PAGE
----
This is known as fundamental equation of water hammer. Thus, head developed due to water hammer, Δh = [c Δv / g] where g is acceleration due to gravity. This is inherently a transient phenomena and CFD methods require simulation for steady state condition and then implementation of a transient phenomena over a converged steady state flow field. In industry, there are many 1D tools which are based on Methods of Characteristics (MOC) to solve water hammer phenomena. Some of the tools are WANDA, HAMMER, AFT Impulse...
[Image Reference: Springer] Loss of material due to impact of solid particles. For example, sand particles hitting at high velocity of a solid wall causing loss of material by "cutting or chipping mechanism" and/or by "deformation mechanism". Erosion may also occur by abrasive process where particle slip along the wall causing rubbing action between particles and the wall. Erosion can also occur due to cavitation and liquid particle drop falling over a wall. The erosion rate is function of impact velocity, impact angle, particle properties (sharpness ratio), hardness of the wall and hardness of the solid particle. Experiments have shown that there is exponential correlation between particle impact velocity and rate of erosion.
The erosion process is not a mathematically welldefined problem and the estimation of erosion location as well as erosion rate relies heavily on empirical correlations such as erosion rate E = C × F_{S} × V^{n} × F(θ) where C and n are constants, F_{S} is a particle shape factor (~1.0 for particles with sharp corners say diamond, cone and square shapes, ~0.5 for semi rounded shapes such as cylinders, disks and ellipsoids and ~0.2 for fully rounded shapes such as spheres). V is impact velocity and F(θ) is impact angle function. The "paint erosion test" is a quick and reliable approach to find "erosion pattern". It is analogous to measurement of contact area for bolted joints.
Erosion modeling using CFD: This is a 3step process described below.
CFD for Pneumatic Conveying Process: The viscous and pressure forces cause the particles to move against friction and gravity. The minimum velocity required to make the particles move is called "particle pickup velocity". Saltation velocity is the value at which majority of the solids become entrained in the airstream. Air volume flow rate optimization is the critical process to achieve smooth conveying without slugging and plugging of the conduits. The conveying process also has to deal with "dilute phase" (air velocity > saltation velocity, suspension flows) and "dense phase" (air velocity < saltation velocity) conveying. The dilute and dense phases are also distinguished by solid loading (volume or mass fraction of the solids). The assessment of conveying capacity is similar to multiphase flow simulation where the solid phase is treated as continuum. Applications includes conveying of coffee beans, grains, granular sugar, cement powder, lime, spices...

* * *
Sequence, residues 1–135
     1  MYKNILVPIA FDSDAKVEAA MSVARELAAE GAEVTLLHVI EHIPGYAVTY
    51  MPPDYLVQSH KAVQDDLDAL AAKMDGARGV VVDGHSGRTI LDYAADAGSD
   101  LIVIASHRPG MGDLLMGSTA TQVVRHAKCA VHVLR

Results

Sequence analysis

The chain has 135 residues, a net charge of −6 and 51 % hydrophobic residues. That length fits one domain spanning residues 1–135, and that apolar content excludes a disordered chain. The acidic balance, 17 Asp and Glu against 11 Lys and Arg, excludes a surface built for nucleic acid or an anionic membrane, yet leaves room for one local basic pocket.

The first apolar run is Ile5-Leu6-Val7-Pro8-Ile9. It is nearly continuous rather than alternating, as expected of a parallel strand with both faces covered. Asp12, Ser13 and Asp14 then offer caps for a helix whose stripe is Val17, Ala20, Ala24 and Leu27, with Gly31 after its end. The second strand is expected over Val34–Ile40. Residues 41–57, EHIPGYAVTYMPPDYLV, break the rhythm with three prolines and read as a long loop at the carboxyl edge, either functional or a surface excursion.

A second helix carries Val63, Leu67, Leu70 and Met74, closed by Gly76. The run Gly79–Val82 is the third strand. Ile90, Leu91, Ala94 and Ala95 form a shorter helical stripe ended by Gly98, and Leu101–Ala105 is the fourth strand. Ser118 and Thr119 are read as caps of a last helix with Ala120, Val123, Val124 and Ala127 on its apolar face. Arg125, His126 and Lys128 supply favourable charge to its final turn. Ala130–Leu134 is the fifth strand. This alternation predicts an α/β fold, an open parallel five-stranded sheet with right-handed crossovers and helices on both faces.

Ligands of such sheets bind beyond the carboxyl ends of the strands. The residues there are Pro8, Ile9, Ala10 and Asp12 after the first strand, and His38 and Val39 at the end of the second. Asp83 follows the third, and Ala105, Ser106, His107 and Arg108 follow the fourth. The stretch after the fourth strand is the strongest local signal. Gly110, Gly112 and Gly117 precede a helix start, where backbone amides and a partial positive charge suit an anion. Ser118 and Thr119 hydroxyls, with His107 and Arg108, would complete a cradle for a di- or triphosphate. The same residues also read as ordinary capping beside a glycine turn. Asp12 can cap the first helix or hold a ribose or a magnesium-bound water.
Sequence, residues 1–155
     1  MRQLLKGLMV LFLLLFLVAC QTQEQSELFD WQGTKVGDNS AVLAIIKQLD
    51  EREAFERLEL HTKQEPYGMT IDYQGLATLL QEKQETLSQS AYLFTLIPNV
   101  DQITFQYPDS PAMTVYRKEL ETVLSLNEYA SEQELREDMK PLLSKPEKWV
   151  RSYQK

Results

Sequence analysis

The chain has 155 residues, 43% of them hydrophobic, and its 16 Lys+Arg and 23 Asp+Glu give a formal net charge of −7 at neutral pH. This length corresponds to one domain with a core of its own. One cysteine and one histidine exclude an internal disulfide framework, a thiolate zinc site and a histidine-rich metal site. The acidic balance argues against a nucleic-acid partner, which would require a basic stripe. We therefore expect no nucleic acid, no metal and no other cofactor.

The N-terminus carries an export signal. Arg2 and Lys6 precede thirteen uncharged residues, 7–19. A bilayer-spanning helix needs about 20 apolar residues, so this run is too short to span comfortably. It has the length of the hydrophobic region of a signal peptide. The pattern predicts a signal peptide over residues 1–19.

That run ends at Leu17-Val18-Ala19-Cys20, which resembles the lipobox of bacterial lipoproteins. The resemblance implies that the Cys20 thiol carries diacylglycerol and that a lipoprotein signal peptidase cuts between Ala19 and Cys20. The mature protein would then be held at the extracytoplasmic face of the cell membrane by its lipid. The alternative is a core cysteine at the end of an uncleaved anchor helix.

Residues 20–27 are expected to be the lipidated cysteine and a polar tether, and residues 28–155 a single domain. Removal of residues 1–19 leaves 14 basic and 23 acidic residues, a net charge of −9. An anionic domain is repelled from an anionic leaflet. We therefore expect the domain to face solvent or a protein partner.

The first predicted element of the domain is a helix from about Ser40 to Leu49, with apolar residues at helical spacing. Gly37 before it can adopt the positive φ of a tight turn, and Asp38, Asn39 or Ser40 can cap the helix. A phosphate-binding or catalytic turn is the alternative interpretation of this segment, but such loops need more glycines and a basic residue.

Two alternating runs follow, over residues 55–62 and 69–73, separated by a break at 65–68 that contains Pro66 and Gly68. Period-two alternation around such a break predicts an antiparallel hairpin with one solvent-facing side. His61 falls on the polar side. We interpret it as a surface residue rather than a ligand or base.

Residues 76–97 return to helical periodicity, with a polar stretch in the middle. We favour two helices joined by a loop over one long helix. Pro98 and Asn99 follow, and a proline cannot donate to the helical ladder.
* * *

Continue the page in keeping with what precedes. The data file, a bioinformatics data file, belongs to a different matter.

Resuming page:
Choking Velocity  This equals the actual gas velocity in a vertical pipeline at which particles in a homogeneous mixture with the conveying gas settles out of the gas stream. Bulk Density (Fluidized)  it is the apparent (equivalent) density of a material in its fluidized or suspension state. It is generally lower than either the packed or loose bulk density due to the air absorbed into the voids. Angle of Repose  The angle of repose of a material is the angle formed between the horizontal and sloping surface of a piled material, which has been allowed to form naturally without any conditioning. This helps estimate the slope of the channel for gravity assisted conveying. Terminal Gas Velocity  The terminal gas velocity in a pneumatic conveying system is the velocity of the gas as it exits the system. It is also known as the ending gas velocity and conveying line exit velocity. Floodability  describs the tendency of a material to aerate and act as a fluid, squeeze material quickly in your fist  if it squirts through fingers, then it is floodable. Floodable materials are difficult to restrain in controlled feeding applications. Pneumatic Conveying Design Guide by David Mills is another good reference to start with.
The near and farfield breakup and atomization of a liquid jet (aerodynamic breakup of liquids) in multiphase fluid systems fits in the broader category of multiphase fluid flow. Jet and spray formation has many applications such as inhalers in medical applications, fireextinguishers, Diesel engines, water chillers... Primary atomization of the liquid jet occurs near the outlet of the nozzle. Turbulent fluctuations of the liquid jet induce perturbations on the jet surface, which grow and break the jet into droplets. The length scale of turbulence is the dominant length scale of atomization, which also determines the resulting droplet size (Chryssakis et al.)^{1}.